When the first bullets cracked through the air over a country music festival on the Las Vegas Strip last year, many concertgoers thought they were hearing fireworks. It took a moment to realize it was gunfire, a barrage of bullets that seemed endless, they recalled afterward.
“I remember my husband saying, ‘Get down — get down,’” a 33-year-old woman from California who came to Las Vegas to attend the festival would later tell police. She was then hit in the upper left thigh: “It was within a few seconds of being on the floor I got shot instantly.”
She was one of 22,000 people at the Route 91 Harvest festival, a three-day country music concert, when a gunman perched in a 32nd-floor suite at the nearby Mandalay Bay Resort and Casino opened fire. He killed 58 people — the youngest was 20, the oldest was 67 — before taking his own life as police closed in. Another 869 people were injured, nearly half of them by gunfire or shrapnel, on top of countless others carrying the mental anguish that comes from living through the harrowing carnage and the confusion that came with the attack.
The Las Vegas massacre is the deadliest mass shooting in modern American history, a tragedy without clear comparison to the other recent shooting rampages that have cut down people in schools and movie theaters, churches and offices. Each rampage is its own nightmare, spurring an outpouring of sorrow, anger and grief affecting students in Parkland, Fla., churchgoers in Sutherland Springs, Tex., club patrons in Orlando and a church group in Charleston, S.C., among others.
In Las Vegas, gunman Stephen Paddock fired for more than 10 minutes, police said, shooting more than 1,000 rounds at the concert venue, nearby airport fuel tanks and in his hotel hallway before turning a gun on himself.
“It seemed to last forever and ever and ever and ever,” one man who was shot in the upper shoulder at the concert told detectives.
The nightmare of Oct. 1 gave the world stories of unimaginable horror and heroism, tales of people confronted with mortal, terrifying danger and risking life and limb to save one another. First responders and civilians alike rushed into the fray, tearing off shirts to use as tourniquets, taking the wounded into their cars, comforting strangers, throwing their bodies on top of others to shield them.
“It was incredible,” a woman who was shot in the chest later told police in an interview at the hospital. Men she didn’t know put pressure on her wound, dragged her to safety, put her on a board and carried her out, getting her into a white pickup truck, she said.
Among the enduring, painful legacies of that night has been what remains frustratingly out of reach. After mass killings, authorities often seek to provide some answers about the “why” — what could have motivated the attacker, fueled their rage, spurred them to kill unsuspecting bystanders. A year after the Las Vegas massacre, no answers have been forthcoming. The Las Vegas police, in their final investigative report on the shooting, said they were unable to determine what motivated the attack.
“This report was authored to provide the reader with more information about who, what, when, and where,” authorities wrote in the document, which was released in August. “Regretfully, this report will not be able to address the why.”
The report passed with relatively little notice in a world that shifted its attention from the Las Vegas massacre to the gunfire at a church in Texas and a high school in South Florida and a school in Texas, but it provided a grim reality.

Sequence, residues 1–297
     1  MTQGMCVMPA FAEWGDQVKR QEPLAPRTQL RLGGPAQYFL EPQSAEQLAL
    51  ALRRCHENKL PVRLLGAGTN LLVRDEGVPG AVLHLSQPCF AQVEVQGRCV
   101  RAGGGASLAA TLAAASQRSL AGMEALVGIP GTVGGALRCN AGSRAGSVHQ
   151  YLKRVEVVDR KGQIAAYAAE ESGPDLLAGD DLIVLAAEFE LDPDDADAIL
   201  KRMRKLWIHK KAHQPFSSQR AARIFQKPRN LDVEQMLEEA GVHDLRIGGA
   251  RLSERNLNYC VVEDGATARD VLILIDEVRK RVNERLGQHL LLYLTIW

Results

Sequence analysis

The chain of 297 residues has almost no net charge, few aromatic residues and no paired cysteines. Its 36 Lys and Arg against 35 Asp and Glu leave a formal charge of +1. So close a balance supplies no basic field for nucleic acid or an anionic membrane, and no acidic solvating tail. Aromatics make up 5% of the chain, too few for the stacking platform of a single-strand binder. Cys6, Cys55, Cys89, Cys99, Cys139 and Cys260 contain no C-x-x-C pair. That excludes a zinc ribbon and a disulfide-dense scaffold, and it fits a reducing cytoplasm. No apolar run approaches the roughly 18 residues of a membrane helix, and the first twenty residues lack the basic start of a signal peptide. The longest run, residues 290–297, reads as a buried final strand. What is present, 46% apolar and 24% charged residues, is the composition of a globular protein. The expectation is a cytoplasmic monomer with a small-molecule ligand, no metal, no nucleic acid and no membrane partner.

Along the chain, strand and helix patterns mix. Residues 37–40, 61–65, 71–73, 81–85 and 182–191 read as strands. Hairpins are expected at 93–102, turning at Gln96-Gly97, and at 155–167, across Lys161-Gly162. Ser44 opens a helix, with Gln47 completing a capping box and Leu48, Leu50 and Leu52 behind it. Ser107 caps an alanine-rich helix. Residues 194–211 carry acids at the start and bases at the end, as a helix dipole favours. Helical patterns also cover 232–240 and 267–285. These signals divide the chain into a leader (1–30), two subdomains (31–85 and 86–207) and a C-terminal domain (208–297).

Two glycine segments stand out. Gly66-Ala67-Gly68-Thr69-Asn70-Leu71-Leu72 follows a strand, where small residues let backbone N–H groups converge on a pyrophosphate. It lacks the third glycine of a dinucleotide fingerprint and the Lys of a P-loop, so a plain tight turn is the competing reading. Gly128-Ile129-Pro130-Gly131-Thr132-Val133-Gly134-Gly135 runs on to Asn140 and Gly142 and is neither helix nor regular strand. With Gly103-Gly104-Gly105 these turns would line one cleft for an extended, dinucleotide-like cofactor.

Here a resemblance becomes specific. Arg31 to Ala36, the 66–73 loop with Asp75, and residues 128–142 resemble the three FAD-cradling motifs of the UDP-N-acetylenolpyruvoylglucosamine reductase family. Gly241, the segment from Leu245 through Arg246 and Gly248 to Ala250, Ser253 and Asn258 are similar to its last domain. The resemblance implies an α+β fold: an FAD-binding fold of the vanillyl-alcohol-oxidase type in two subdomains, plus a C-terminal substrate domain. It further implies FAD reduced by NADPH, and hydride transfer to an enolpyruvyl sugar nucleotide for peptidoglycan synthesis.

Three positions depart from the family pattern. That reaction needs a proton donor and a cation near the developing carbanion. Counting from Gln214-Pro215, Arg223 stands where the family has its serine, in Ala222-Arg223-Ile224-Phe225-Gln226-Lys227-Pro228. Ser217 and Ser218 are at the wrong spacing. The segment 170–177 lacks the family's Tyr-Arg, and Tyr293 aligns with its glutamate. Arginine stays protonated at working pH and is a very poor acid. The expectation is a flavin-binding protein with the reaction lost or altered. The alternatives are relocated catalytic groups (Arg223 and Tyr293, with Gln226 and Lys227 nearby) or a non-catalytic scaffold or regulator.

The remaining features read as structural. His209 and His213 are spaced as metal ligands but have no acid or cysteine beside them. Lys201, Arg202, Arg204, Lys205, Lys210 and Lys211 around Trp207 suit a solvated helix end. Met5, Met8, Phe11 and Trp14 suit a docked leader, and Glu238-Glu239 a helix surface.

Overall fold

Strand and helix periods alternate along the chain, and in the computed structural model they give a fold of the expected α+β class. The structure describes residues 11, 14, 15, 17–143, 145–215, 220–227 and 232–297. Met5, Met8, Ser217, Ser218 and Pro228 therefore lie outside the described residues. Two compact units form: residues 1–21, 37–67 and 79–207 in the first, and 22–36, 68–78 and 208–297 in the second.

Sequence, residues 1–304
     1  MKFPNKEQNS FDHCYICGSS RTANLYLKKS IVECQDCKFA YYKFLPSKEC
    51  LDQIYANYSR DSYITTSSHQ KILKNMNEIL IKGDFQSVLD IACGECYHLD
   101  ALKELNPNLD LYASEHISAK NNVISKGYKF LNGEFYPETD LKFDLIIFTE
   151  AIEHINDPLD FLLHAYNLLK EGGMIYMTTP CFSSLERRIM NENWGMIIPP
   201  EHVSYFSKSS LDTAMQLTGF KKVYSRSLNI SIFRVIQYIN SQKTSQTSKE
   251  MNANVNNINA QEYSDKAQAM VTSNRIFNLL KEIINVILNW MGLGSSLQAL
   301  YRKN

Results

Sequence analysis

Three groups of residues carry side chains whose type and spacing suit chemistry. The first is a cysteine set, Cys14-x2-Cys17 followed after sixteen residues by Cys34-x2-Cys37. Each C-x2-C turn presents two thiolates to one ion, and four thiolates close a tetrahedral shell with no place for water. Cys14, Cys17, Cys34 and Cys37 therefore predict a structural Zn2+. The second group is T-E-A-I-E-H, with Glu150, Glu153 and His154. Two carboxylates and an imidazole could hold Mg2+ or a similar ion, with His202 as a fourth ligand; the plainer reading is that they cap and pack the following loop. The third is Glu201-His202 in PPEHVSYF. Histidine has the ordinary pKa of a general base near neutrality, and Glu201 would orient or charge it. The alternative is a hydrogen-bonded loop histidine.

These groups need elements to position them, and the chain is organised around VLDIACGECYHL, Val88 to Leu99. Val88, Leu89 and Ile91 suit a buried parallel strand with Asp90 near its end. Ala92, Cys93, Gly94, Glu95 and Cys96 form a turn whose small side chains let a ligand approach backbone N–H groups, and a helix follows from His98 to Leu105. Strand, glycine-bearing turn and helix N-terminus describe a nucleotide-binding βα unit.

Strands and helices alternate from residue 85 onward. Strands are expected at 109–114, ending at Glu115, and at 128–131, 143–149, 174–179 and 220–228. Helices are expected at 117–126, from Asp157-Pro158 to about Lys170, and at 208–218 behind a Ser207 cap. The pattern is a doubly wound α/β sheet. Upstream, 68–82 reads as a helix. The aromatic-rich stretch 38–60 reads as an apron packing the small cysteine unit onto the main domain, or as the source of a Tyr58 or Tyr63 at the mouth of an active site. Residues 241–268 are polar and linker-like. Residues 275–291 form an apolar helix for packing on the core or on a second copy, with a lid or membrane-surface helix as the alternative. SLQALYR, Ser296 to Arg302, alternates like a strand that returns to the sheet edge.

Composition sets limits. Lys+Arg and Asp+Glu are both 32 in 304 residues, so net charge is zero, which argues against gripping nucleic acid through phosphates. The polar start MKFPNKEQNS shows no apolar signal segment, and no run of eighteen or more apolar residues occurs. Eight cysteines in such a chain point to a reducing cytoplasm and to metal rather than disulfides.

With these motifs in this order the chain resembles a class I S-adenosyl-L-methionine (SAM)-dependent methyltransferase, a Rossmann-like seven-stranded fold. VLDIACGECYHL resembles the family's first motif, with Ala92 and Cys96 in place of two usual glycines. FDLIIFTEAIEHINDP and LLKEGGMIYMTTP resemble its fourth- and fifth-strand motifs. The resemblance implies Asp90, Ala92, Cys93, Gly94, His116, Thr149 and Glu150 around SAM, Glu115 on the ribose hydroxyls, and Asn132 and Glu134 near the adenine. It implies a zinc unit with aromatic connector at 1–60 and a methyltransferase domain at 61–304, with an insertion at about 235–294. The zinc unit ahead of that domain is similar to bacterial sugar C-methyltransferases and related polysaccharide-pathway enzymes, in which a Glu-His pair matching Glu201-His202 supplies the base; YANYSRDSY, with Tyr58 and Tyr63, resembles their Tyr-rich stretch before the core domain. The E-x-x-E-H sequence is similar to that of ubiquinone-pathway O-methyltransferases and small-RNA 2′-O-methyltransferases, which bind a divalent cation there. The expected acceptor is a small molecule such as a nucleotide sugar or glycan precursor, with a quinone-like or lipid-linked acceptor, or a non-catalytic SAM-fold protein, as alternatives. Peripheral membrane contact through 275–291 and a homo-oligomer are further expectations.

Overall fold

In many cases, mass violence has been preceded by warning signs visible to the people in the attackers’ lives. In a study released this year, the FBI examined dozens of active shooters who opened fire between 2000 and 2013 and found that on average, they had displayed several “concerning behaviors.” These warning signs, which become glaring red flags in hindsight, have a way of focusing the public pain and attention after a tragedy, as questions arise over what could or should have been done to prevent the violence and what, if anything, could be done to avert such horrors in the future.
Sometimes the warning signs are glaring and ignored. After the Parkland, Fla., massacre in February, authorities acknowledged failing to act on repeated warnings that the confessed attacker posed a threat. After Las Vegas, though, authorities said what they found failed to add up to a clear answer.
Investigators said the gunman was described by people who knew him as “a narcissist [who] only cared about himself.” Relatives said he had mental-health issues, while his doctor said he might have had bipolar disorder and that he accepted prescriptions for anxiety medication but declined anti-depressants. His wealth had declined considerably before the shooting; officials found that he had paid off his gambling debts before the attack and, with one of his last checks, paid the Internal Revenue Service more than $13,000. Authorities said he spent significant time preparing for the attack as he stockpiled weapons and ammunition. They also said he sought to “undermine” the investigation and left no note or manifesto.
In response to questions about the shooting and the attacker’s motive, an FBI spokeswoman would only say that the bureau’s Behavioral Analysis Unit plans to release a report by the end of the year.
For some victims, the mystery was part of the pain that is left behind. Megan Greene, who survived the Las Vegas attack and struggled with anxiety afterward, said knowing the motivation could have aided with the healing process.
“It would help us understand and wrap our brains around the situation,” Greene said in an interview earlier this year. “It would be easier for me to understand more of why this happened to me. … It’s just a puzzle to all of us.”
Greene said she spent months searching for new information on the case but gave up on that around Christmas.
“I didn’t want to feel miserable anymore,” she said.